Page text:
Ten years ago or so, the required text for one of the classes I took through Wesley Seminary for my certification in Older Adult Ministries was “Saving Jesus From Those Who are Right: Rethinking What it Means to be Christians” by Carter Heyward (1999). For Heyward, those who are “right” are any of us whose socio-political commitments are hardened fast and whose spiritual dispositions are tightly boundaried – people who are so sure they are “right” that they don’t notice the complexities of our world.
One of the most powerful statements in the book for me reads:
“…the only way we can live really creative, caring lives here on earth, lives rooted deeply in the Spirit, is to learn to struggle together – mutually – to build communities, institutions, and relationships in which everyone’s well-being is secured.”
As General Conference moves closer, I wonder what our United Methodist Church would look like if we were fully alive in the Spirit…
…if the fear of living passionately as disciples of Jesus was not ever present in our lives and churches –
…if the fear of following the Spirit’s leading didn’t cause us to retreat into the safety of church building walls, didn’t cause us to take our sides, didn’t cause us to question each other’s intentions.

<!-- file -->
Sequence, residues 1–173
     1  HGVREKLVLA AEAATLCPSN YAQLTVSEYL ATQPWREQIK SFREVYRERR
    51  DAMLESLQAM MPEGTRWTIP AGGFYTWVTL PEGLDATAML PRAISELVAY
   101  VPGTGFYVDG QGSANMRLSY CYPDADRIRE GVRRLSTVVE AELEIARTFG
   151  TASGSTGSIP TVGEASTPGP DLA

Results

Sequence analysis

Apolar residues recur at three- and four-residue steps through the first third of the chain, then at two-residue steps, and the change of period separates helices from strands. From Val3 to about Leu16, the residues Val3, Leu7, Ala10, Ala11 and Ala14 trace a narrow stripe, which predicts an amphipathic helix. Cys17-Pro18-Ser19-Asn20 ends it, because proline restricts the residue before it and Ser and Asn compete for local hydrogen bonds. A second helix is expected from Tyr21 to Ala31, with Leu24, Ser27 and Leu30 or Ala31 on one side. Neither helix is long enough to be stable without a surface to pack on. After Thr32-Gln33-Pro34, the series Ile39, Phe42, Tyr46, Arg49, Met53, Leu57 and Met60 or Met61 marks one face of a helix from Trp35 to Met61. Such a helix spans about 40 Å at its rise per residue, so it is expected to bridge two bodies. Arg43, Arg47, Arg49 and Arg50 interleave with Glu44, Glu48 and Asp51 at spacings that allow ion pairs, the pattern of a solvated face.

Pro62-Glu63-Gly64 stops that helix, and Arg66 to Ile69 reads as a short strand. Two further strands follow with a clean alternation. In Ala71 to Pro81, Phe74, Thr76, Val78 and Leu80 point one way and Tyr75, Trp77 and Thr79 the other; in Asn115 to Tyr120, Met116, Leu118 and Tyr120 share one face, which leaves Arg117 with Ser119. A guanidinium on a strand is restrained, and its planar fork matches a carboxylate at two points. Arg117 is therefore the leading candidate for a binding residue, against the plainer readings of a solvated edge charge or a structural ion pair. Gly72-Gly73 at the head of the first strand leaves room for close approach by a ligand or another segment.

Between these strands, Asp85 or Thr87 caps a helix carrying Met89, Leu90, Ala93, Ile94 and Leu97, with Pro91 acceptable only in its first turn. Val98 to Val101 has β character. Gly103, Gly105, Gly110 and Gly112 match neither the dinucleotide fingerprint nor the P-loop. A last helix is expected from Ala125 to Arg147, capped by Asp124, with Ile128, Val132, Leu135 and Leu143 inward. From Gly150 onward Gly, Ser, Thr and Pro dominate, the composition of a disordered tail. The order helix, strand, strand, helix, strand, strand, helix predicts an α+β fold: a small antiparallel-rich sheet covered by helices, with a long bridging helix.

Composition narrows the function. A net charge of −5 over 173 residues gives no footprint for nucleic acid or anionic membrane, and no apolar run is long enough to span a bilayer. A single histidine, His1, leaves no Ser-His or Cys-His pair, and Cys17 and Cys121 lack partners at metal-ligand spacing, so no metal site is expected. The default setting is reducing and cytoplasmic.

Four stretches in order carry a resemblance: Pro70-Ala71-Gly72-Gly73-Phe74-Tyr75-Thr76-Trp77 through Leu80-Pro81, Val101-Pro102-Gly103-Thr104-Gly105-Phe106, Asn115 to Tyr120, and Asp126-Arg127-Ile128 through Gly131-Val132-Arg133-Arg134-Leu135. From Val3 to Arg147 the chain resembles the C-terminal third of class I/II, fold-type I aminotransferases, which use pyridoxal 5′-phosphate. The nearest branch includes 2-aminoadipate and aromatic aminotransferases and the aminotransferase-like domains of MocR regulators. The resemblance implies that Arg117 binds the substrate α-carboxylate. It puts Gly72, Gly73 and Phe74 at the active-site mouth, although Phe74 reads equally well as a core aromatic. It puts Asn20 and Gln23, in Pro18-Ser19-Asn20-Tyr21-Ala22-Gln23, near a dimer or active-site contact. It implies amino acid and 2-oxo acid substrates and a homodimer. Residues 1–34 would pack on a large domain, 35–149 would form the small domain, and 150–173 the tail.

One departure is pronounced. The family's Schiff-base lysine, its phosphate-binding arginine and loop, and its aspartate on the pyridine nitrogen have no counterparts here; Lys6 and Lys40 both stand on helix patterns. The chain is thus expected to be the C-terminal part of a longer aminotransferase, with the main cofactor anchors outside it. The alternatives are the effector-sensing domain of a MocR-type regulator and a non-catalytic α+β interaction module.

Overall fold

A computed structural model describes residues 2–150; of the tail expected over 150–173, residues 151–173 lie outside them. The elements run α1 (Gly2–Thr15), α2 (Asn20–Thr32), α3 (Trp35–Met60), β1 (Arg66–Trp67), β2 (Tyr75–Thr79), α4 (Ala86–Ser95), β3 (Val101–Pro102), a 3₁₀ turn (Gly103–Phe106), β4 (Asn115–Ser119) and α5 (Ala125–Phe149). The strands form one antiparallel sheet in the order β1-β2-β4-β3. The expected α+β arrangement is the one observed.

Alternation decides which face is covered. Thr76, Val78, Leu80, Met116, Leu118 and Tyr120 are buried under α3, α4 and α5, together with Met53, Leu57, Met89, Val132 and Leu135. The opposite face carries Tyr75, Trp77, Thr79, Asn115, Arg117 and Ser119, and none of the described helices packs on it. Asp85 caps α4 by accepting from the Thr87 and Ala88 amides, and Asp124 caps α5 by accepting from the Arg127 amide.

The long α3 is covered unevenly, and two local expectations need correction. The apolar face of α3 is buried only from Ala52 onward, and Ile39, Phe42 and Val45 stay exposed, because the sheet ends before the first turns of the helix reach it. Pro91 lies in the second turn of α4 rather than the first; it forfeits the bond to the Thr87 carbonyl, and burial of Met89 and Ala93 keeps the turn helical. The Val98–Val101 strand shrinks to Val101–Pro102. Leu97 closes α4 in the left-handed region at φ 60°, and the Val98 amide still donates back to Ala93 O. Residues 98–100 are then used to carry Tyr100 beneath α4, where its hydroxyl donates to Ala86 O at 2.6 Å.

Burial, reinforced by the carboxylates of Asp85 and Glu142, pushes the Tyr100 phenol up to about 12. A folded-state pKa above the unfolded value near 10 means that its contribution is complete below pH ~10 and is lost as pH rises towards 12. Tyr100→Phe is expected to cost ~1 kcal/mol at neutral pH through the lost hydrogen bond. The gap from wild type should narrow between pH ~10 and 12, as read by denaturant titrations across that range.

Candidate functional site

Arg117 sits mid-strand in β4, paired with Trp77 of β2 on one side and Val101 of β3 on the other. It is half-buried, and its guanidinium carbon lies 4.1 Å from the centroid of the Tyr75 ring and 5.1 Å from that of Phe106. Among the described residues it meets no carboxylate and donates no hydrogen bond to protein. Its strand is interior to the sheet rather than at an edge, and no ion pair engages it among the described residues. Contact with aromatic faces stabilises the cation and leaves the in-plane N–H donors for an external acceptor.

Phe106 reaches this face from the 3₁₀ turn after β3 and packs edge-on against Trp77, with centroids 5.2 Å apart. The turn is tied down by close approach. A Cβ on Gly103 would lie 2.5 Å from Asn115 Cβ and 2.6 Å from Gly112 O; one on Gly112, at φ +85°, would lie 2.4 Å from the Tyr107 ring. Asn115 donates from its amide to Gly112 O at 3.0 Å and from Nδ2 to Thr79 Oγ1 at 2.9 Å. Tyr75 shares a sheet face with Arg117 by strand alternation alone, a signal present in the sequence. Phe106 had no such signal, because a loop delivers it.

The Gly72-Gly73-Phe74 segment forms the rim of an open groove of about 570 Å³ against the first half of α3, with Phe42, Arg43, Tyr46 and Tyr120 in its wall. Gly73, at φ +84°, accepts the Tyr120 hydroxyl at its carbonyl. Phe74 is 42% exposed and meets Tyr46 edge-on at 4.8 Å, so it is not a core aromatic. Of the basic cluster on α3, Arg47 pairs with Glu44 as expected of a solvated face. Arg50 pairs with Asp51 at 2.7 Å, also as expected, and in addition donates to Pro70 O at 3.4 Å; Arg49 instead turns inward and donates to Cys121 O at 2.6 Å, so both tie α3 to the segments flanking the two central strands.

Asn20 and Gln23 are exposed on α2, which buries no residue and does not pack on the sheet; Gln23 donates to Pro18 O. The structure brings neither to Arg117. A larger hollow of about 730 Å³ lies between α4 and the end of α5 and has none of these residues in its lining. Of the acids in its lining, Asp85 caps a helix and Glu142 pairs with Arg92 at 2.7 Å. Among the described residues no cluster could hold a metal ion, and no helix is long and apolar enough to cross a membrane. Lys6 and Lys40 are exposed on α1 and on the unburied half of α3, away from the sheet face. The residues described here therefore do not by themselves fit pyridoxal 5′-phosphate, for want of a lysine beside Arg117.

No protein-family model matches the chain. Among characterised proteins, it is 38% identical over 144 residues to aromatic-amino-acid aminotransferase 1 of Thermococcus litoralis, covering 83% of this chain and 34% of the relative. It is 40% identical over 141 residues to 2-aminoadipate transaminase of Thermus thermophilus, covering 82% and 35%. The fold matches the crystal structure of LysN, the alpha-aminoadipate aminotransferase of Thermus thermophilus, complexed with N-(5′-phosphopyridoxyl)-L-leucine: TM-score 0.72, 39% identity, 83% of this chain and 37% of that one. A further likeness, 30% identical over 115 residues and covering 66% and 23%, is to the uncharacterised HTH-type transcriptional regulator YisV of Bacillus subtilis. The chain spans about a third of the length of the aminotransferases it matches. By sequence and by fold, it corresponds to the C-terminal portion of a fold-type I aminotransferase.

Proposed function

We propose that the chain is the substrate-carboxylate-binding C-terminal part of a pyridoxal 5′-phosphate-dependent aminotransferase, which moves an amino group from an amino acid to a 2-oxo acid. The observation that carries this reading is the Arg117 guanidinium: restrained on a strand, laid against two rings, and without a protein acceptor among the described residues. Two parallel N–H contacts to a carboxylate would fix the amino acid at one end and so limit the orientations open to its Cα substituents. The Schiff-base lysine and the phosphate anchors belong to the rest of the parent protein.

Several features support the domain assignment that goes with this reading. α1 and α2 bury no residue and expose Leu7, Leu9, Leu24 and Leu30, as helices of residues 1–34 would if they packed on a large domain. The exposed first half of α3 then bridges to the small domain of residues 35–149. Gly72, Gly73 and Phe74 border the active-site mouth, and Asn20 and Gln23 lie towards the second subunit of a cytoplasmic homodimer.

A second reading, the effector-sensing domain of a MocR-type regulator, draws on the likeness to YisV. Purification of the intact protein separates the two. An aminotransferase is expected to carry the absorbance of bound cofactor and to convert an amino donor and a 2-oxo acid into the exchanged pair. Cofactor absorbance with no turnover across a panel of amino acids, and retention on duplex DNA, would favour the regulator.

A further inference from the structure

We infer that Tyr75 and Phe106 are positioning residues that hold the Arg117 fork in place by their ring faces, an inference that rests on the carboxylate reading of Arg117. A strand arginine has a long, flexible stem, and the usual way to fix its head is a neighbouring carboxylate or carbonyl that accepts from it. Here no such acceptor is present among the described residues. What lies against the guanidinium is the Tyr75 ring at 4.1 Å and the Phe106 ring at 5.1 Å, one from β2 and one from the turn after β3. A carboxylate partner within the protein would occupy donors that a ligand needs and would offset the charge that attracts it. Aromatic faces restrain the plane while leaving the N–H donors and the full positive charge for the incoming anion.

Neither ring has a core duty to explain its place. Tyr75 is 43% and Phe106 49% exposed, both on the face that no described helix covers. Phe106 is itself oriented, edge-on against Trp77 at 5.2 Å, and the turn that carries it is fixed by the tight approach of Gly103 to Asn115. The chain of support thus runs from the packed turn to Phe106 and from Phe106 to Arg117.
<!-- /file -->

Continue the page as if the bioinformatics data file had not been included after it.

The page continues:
Since becoming the chair of our delegation in June, I’ve been told many things which have filled me with fear: a fear of how the church looks and sounds to the world. I must admit that I’m afraid of and anxious about many things in my middle age these days: health concerns, retirement investments, Alzheimer’s disease, becoming an “elder orphan,” my house being too big and not accessible. However, none of them have to do with being afraid to struggle together in the church so that I might live a life deeply rooted in the Spirit and so that others may know the message of love that Jesus modeled.
The book I’ve been trying to read in the midst of petitions, letters, and email is Eugene Peterson’s “Run with the Horses: The Quest for Life at its Best” (2009). In it, Peterson writes:
“The aim of the person of faith is not to be as comfortable as possible but to live as deeply and thoroughly as possible – to deal with the reality of life, to discover truth, create beauty, act out of love…The only opportunity you will ever have to live by faith is in the circumstances you are provided this day.”
Two writers, ten years apart. Both with a message I need to be reminded of this day.